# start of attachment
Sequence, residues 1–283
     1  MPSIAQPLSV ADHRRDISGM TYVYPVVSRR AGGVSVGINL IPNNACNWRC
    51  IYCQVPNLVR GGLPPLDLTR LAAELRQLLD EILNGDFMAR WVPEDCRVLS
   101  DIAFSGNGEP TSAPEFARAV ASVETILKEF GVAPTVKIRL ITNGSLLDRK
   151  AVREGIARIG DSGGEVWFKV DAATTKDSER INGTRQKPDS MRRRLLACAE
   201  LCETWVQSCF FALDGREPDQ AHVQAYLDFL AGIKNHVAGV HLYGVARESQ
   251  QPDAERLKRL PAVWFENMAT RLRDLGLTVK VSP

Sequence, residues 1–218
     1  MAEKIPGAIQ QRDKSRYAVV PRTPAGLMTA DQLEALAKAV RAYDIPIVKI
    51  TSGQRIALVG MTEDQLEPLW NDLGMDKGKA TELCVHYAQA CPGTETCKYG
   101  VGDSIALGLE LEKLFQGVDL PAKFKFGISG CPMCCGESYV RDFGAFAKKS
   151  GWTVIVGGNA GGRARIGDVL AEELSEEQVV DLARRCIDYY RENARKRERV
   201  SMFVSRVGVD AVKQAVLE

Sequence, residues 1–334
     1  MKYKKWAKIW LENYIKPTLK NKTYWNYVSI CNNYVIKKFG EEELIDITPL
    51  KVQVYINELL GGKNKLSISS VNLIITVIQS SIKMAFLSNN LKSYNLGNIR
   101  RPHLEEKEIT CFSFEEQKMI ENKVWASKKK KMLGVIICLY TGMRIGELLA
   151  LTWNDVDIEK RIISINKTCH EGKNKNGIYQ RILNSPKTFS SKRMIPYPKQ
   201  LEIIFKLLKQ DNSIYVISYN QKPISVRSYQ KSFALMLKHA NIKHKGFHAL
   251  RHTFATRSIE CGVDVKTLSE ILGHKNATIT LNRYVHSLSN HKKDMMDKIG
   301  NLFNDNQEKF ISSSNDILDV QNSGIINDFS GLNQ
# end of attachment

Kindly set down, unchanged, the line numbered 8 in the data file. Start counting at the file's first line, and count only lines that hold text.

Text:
Sequence, residues 1–218